- Writing a chapter on nostalgia as a means of dread-building in the film Summer of ’84
- Developing an information literacy and assessment modules package for the Nursing division
- Co-editing a special issue on Lovecraft Country
- Developing and recording the first season of Television on Trial, a new public humanities podcast that examines social issues through the lends of retro television programming
Having started my career as a Youth Services librarian, it is perhaps not surprising that youth literature figures prominently as one of my core research interests. My scholarship on this front includes an examination of whitewashing practices used on book covers, a rhetorical analysis of YA Twitter, a critique of the ValueTales children’s book series, and a look at the visual representation of American slavery in Historical Fiction picture books. Currently, I am interested in exploring strategies to integrate information literacy skills into college and university curricula. This includes traditional practices, such as embedded librarian programs, and open source practices, such as dedicated YouTube playlists with supplemental assessment exercises.
-Public Humanities Research-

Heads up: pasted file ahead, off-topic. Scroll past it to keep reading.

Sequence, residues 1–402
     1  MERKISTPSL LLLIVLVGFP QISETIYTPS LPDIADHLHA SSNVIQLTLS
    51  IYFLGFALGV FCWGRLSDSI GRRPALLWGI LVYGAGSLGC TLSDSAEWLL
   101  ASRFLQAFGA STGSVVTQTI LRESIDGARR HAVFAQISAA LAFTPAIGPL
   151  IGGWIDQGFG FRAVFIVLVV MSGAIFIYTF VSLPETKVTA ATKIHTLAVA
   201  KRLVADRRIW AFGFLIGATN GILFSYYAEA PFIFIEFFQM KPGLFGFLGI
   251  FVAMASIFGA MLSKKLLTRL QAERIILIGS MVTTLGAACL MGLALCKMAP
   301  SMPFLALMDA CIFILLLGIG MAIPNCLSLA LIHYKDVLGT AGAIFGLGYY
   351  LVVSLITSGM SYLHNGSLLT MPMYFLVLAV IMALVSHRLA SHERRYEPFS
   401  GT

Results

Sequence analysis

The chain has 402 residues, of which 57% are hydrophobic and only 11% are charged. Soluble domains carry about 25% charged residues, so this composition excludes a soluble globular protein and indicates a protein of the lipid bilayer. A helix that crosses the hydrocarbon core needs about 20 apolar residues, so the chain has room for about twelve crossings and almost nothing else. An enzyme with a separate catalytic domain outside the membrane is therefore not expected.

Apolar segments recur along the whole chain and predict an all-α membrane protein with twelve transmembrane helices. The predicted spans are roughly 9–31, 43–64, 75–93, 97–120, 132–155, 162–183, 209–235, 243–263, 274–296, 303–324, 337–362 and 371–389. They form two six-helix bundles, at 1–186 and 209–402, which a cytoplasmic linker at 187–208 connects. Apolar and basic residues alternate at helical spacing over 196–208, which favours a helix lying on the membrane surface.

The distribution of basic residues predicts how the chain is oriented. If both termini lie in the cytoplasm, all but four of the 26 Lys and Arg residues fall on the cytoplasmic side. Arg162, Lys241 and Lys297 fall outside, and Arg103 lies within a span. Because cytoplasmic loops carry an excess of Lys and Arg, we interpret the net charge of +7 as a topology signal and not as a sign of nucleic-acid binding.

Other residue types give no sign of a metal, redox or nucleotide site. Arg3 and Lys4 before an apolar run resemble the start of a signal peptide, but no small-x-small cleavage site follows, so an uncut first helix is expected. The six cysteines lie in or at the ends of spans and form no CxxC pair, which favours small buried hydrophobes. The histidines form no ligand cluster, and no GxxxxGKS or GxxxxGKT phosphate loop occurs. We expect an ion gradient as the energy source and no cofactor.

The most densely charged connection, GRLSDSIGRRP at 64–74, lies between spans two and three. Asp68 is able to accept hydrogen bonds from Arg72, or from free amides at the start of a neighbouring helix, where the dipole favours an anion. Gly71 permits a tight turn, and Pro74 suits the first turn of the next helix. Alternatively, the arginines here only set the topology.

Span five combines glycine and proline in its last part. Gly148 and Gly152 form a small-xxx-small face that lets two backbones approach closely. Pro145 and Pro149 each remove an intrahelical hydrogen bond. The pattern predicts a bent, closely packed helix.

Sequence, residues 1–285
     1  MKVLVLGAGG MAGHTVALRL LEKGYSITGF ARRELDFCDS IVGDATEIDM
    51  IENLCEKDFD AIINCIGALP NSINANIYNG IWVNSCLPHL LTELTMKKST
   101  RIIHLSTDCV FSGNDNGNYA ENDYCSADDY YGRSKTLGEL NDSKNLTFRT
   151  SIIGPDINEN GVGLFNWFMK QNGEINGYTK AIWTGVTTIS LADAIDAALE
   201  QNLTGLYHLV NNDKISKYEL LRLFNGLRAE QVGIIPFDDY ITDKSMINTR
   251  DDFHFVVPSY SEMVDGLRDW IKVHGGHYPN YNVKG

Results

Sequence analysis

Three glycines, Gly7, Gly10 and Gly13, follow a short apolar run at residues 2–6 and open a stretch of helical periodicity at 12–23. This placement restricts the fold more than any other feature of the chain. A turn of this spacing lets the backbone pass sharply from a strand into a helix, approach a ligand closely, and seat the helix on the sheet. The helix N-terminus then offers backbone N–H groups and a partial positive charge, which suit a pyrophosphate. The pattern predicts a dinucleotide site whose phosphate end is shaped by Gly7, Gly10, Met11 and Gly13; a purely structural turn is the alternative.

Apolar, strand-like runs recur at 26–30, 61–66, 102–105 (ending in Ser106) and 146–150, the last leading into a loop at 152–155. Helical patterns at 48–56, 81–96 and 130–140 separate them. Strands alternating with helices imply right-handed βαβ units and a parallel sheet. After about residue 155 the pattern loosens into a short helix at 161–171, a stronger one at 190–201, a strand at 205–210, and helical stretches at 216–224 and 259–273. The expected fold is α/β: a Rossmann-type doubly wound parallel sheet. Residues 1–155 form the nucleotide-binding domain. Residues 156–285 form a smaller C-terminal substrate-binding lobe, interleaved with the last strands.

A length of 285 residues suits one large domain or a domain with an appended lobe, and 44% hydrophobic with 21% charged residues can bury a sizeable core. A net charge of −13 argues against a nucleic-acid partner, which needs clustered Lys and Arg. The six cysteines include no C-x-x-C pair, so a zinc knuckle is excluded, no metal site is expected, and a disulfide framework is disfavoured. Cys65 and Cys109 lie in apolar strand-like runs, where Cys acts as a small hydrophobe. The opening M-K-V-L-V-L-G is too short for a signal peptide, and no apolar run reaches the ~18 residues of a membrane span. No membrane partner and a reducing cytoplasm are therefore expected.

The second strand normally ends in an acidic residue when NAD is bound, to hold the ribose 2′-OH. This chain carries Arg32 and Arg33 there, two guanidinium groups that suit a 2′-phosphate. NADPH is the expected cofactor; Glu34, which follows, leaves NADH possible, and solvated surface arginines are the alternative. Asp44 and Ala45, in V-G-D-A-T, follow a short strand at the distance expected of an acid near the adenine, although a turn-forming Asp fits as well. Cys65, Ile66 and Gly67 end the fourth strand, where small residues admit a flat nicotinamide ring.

My interest in public humanities pedagogy began as part of the coursework for my MA in which I worked with three other students to produce a documentary short on food insecurity in South Bethlehem, Pennsylvania that aired on our local PBS station. I pursued this interest through my work as part of The Veterans Empathy Project, an oral history archive that examined the lived experiences of military personnel who enlisted to serve after September 11, 2001. Most recently, I was awarded a 2020 summer grant through the Humanities Center at Lehigh University that enabled me to design and produce When the Woman Screams, an original, multi-part podcast series exploring the historical and cultural meanings of women’s screams in horror films. Currently, I am working on a Humanities centered podcast that considers the intersection of historical memory and nostalgia through the lens of classic television—investigating how race, gender, and class contribute to those framings. The first season will grapple with issues such as suspect profiling, gentrification, and police brutality in the television sitcom Barney Miller. Connecting these projects is a deep desire to share knowledge across borders and beyond the walls of academia. I also continue to work on Horror Homeroom, a website I co-created over five years ago that examines the cultural messaging within horror narratives and that is expressly designed to foster conversations between horror fans inside and outside of the academy. I have written extensively for the website, as well as creating podcasts and flipbooks on topics of special interest. My interest in information architecture continues to evolve and I intend to keep learning additional ways to publicize digital humanities projects beyond social media.